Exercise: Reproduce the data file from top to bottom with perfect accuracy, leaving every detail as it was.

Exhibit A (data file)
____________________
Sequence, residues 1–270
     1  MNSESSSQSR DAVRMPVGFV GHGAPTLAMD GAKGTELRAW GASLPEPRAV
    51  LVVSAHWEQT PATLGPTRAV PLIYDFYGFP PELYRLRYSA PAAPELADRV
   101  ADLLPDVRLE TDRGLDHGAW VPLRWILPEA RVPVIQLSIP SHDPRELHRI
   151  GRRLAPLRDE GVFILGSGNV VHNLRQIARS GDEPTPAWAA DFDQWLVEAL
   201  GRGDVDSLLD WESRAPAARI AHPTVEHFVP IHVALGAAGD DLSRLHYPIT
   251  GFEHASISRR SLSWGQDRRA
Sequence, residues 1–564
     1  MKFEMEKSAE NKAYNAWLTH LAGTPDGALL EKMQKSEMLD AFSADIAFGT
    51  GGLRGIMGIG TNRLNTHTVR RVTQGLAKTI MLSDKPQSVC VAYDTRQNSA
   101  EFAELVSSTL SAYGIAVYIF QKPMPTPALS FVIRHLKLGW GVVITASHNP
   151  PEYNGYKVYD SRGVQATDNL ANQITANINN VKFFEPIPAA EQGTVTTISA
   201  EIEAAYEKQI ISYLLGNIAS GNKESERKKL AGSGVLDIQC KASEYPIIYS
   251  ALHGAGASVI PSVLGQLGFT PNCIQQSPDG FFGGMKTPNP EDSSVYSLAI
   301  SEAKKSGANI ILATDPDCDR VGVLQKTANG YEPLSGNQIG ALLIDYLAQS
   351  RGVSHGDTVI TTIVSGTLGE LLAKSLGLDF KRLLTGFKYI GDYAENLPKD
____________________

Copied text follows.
Sequence, residues 1–270
     1  MNSESSSQSR DAVRMPVGFV GHGAPTLAMD GAKGTELRAW GASLPEPRAV
    51  LVVSAHWEQT PATLGPTRAV PLIYDFYGFP PELYRLRYSA PAAPELADRV
   101  ADLLPDVRLE TDRGLDHGAW VPLRWILPEA RVPVIQLSIP SHDPRELHRI
   151  GRRLAPLRDE GVFILGSGNV VHNLRQIARS GDEPTPAWAA DFDQWLVEAL
   201  GRGDVDSLLD WESRAPAARI AHPTVEHFVP IHVALGAAGD DLSRLHYPIT
   251  GFEHASISRR SLSWGQDRRA
Sequence, residues 1–564
     1  MKFEMEKSAE NKAYNAWLTH LAGTPDGALL EKMQKSEMLD AFSADIAFGT
    51  GGLRGIMGIG TNRLNTHTVR RVTQGLAKTI MLSDKPQSVC VAYDTRQNSA
   101  EFAELVSSTL SAYGIAVYIF QKPMPTPALS FVIRHLKLGW GVVITASHNP
   151  PEYNGYKVYD SRGVQATDNL ANQITANINN VKFFEPIPAA EQGTVTTISA
   201  EIEAAYEKQI ISYLLGNIAS GNKESERKKL AGSGVLDIQC KASEYPIIYS
   251  ALHGAGASVI PSVLGQLGFT PNCIQQSPDG FFGGMKTPNP EDSSVYSLAI
   301  SEAKKSGANI ILATDPDCDR VGVLQKTANG YEPLSGNQIG ALLIDYLAQS
   351  RGVSHGDTVI TTIVSGTLGE LLAKSLGLDF KRLLTGFKYI GDYAENLPKD